What is PCOS?
PCOS is a common endocrine condition that affects around 1 in 10 people with ovaries in the United Kingdom. This means that it is caused by an imbalance in hormones. This is associated with several symptoms such as acne, irregular periods, hair loss and more.
PCOS and insulin resistance
A symptom associated with PCOS is insulin resistance; when the body is sensitive to the presence of insulin. The hormone insulin regulates the sugar levels in the blood. Therefore, individuals who are insulin resistant may find it useful to understand foods that will help to elongate blood glucose spikes.
It is important to remember, that it is still possible to enjoy a balanced diet without restriction.
What are the best foods for my PCOS?
It is important to remember that there is no “best food” for PCOS.
Carbohydrates are key when managing blood glucose levels. When choosing carbohydrates it can be helpful to understand the glycaemic index (GI) of foods. GI measures how quickly a carbohydrate will increase blood sugar after consuming a snack or meal.
High GI foods raise blood sugars quickly, triggering the production of insulin and consequently impacting PCOS symptoms.
However, low GI foods raise the blood sugar levels gradually, making them the preferred option. Examples of low GI foods include; beans, peas, dairy, nuts and wholegrains.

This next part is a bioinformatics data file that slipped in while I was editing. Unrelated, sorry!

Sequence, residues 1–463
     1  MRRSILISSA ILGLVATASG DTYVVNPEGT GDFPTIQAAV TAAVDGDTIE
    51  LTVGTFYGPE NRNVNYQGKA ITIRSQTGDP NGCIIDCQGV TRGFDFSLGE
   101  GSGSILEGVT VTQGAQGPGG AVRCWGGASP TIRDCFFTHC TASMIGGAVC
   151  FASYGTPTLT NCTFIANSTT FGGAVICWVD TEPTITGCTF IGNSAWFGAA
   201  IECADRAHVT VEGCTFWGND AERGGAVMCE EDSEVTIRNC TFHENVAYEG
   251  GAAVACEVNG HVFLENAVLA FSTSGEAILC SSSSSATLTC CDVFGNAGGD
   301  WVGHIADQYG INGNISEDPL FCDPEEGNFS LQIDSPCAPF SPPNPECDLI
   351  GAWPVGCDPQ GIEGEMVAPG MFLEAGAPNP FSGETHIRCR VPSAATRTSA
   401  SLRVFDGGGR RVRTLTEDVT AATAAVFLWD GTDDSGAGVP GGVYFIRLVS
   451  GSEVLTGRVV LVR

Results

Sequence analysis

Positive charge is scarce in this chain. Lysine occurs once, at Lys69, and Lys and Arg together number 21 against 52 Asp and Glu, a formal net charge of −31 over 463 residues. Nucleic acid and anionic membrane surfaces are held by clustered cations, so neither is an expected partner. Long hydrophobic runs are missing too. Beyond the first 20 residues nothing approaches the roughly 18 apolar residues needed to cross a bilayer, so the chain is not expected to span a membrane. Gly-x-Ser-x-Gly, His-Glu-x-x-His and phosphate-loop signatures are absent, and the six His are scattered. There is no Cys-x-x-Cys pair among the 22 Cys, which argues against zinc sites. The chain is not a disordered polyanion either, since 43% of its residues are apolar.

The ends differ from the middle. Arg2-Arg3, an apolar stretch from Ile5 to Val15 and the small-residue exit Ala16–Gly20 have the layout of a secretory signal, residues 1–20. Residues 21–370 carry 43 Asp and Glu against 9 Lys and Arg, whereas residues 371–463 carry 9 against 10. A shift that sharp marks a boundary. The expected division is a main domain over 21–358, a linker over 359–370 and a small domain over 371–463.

Protein takes more time to digest than carbohydrates. When protein foods are paired with carbohydrates it can lessen a spike in blood sugar levels. Foods that are high in protein include eggs, chicken, lean red meat. Tofu, lentils, and beans are also good protein options if you are vegetarian or vegan.
Fibre is an important component for the improvement of digestive health. It helps to lower cholesterol and improve insulin sensitivity – key for helping to manage PCOS symptoms. Good sources of fibre include: oats, legumes, leafy greens and beans.
It is common for individuals to struggle to meet the recommended intake of fibre. A top tip to improve fibre intake is swapping white rice or pasta to wholegrain alternatives.
Fruit and vegetables
Fruits and vegetables are great as they include nutrients, are a great source of fibre and have a very low G.I index. It is great to incorporate as many fruits and vegetables into meals as possible.
Aiming to increase the amount of unsaturated fats in your diet can help with the chronic inflammation associated with PCOS. Foods high in unsaturated fats include: oily fish, avocados, nuts and seeds.
The main takeaway
To conclude, there is no one diet for PCOS and as everyone’s symptoms of PCOS are so different, something that works for one person may not work for all. It is possible to enjoy all foods that feel good for you. If you want to, you can incorporate some of these gentle nutrition tips if they feel good for you.
Written by Michala Rooney. Reviewed and edited by Annabel Sparrow (Associate Registered Nutritionist).